13. A method in accordance with claim 9, said act of processing comprising:
retrieving said fragments from said storage medium; and
serializing said retrieved fragments into fixed length segments.
14. A method in accordance with claim 9, further comprising encoding said serialized fixed length segments.
15. A method in accordance with claim 14, wherein said act of encoding comprises multipurpose mail extensions (MIME) encoding.
16. A method in accordance with claim 14, further comprising converting said encoded fixed length segments into a transport protocol.
17. A method in accordance with claim 16, said transport protocol comprises at least one of a hypertext transport protocol (HTTP) and a file transport protocol (FTP).
18. A method in accordance with claim 1, further comprising:
receiving a signal indicative of at least one query over said document, wherein said data stream comprises tokens indicative of a structure of said hierarchically structured document;
evaluating said tokens in the passing data stream in response to said at least one query;
identifying fixed length segments of said data stream to be utilized to satisfy each of said at least one query; and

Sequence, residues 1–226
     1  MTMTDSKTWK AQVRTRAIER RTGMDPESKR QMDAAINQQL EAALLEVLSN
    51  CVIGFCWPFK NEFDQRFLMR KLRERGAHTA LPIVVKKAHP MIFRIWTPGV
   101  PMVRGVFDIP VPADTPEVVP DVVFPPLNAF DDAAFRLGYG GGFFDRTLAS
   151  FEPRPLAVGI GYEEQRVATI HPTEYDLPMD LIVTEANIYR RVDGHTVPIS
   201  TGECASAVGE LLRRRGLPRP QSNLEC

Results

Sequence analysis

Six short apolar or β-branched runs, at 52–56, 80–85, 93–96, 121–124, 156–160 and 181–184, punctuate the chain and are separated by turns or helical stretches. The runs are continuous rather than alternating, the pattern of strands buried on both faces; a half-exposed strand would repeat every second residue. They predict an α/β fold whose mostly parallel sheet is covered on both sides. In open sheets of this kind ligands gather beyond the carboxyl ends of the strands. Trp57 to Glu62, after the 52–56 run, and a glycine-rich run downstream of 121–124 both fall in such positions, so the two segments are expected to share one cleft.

individually processing each fixed length segment to satisfy said at least one query.
19. A method in accordance with claim 18, wherein:
said data stream comprises a sequence of nodes;
a node is of a type consisting of one of container node and a value node;
each token is indicative of at least one of a container node and a value node;
a value node comprises a value associated with said document; and
a container node comprises at least one of:
attributes of said document; and
an ordered set of at least one of a container node and a value node.
20. A method in accordance with claim 18, further comprising:
comparing a received current token of a fixed length segment, as it is received, to every one of said at least one query; and